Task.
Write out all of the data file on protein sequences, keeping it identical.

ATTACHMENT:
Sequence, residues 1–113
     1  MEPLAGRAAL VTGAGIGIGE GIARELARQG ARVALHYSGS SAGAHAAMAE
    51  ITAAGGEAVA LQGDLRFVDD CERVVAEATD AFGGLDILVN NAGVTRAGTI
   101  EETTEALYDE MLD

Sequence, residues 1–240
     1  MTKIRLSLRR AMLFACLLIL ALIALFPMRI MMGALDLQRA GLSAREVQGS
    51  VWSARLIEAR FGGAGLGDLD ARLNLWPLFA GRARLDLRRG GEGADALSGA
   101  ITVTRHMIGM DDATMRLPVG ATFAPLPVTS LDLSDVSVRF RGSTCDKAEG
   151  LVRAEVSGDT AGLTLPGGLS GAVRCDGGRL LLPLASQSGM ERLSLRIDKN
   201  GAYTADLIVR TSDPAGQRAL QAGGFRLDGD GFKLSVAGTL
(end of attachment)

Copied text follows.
Sequence, residues 1–113
     1  MEPLAGRAAL VTGAGIGIGE GIARELARQG ARVALHYSGS SAGAHAAMAE
    51  ITAAGGEAVA LQGDLRFVDD CERVVAEATD AFGGLDILVN NAGVTRAGTI
   101  EETTEALYDE MLD

Sequence, residues 1–240
     1  MTKIRLSLRR AMLFACLLIL ALIALFPMRI MMGALDLQRA GLSAREVQGS
    51  VWSARLIEAR FGGAGLGDLD ARLNLWPLFA GRARLDLRRG GEGADALSGA
   101  ITVTRHMIGM DDATMRLPVG ATFAPLPVTS LDLSDVSVRF RGSTCDKAEG
   151  LVRAEVSGDT AGLTLPGGLS GAVRCDGGRL LLPLASQSGM ERLSLRIDKN
   201  GAYTADLIVR TSDPAGQRAL QAGGFRLDGD GFKLSVAGTL